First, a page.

Autocar October 13, 2021

Autocar is the car nut’s weekly fix, delivering you a unique mix of the latest news, opinion, features, first drives of new cars and in-depth road tests – all complemented by the best photography in the business. No other magazine covers the subject you love with such enthusiasm, insight and quality every week of the year. Autocar stands for the highest quality in car journalism – and is rewarded with access to the best new cars and the biggest news stories before any of the opposition which we share with you, our readers, every week.

国家:
United Kingdom
语言:
English
出版商:
Haymarket Media Group Ltd
出版周期:
Weekly
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51 期号

本期

1
chips are down as a new trend rises

LAST MONTH’S NEW car sales were the worst recorded for the traditionally bumper month of September since the UK switched to the two-number-plates-a-year system in 1999 (p8). The reason? It’s that shortage of semiconductor computer chips again, which are causing serious ongoing harm to the production of new cars and their availability. The tip of the iceberg is the Ford Fiesta. For so long Britain’s best-selling car, it didn’t even make the top 10 in September. There is not one Fiesta in stock in the UK, and if you order one now, it’ll arrive after next March. We reveal other remarkable, long lead times this week (p50). How about 2023 for a new Land Rover Defender? While you’d expect Fiesta sales to return to normal once the chip crisis is resolved, other…

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4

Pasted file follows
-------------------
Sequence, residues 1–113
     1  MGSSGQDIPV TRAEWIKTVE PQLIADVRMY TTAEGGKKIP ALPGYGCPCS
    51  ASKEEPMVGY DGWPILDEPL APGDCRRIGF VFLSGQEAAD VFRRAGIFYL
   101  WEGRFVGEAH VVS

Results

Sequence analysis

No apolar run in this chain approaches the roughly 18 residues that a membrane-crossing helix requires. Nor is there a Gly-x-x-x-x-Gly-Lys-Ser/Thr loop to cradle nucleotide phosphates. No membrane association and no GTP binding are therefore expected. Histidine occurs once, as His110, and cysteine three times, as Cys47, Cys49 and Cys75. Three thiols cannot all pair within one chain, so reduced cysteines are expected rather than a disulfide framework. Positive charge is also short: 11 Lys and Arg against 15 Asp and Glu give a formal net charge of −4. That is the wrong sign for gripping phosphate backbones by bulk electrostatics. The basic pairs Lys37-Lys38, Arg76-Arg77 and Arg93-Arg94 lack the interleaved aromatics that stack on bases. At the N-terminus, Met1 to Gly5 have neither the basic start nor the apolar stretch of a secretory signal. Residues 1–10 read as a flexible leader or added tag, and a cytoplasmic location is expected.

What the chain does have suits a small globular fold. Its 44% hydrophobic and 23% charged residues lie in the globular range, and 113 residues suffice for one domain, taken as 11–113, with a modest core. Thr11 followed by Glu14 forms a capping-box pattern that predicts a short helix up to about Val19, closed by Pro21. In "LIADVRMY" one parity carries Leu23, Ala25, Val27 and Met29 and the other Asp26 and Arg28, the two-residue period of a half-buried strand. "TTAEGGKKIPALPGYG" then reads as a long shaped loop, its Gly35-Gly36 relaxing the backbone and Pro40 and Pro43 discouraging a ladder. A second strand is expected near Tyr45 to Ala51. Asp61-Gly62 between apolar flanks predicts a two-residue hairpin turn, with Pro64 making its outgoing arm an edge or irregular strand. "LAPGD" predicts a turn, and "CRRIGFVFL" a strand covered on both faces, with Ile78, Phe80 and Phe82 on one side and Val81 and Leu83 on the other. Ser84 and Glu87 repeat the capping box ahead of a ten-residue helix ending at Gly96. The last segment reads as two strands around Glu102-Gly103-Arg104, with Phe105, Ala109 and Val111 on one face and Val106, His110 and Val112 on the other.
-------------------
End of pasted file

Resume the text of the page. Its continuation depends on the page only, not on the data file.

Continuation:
mazda stays true to petrol power with all-new mx-5

Mazda’s commitment to internal combustion will extend to the next-generation MX-5, which is set to receive the Japanese manufacturer’s newest and most advanced petrol-engine technology rather than a plug-in hybrid or battery-electric powertrain. Mazda last year launched its first BEV, the MX-30 crossover, but just a year before that ushered in its innovative Skyactiv-X petrol engine technology, which uses spark-controlled compression ignition (SPCCI) to improve efficiency and performance. This could enable some petrol-powered Mazdas to remain on sale as their respective rivals go electric. The MX-5 in particular is a likely candidate, given that its relatively low sales volumes have a negligible impact on Mazda’s European fleet-average CO2 emissions. The manufacturer has previously confirmed that a Skyactiv-X engine will be used only in all-new models that have been designed around it and its associated…

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1
mazda readies rotary range extender and two new phevs

The MX-30 has one of the shortest ranges of any mainstream BEV, but Mazda has vowed to improve usability with the addition of an optional petrol engine to serve as a range extender, as BMW used to do with the i3. Most notably, the petrol element of the MX-30 REx’s drivetrain will bring back rotary engine technology, which hasn’t been used by any production car since Mazda’s own RX-8 sports coupé, which bowed out in 2012. Mazda will introduce the new petrol-electric drivetrain early next year, and it will technically be the first plug-in hybrid offered by the brand in Europe. A more conventional petrol-engined PHEV powertrain will be offered by the all-new CX-60 crossover and CX-80 seven-seat SUV, which have been confirmed by Mazda for launch in Europe by 2024. This is…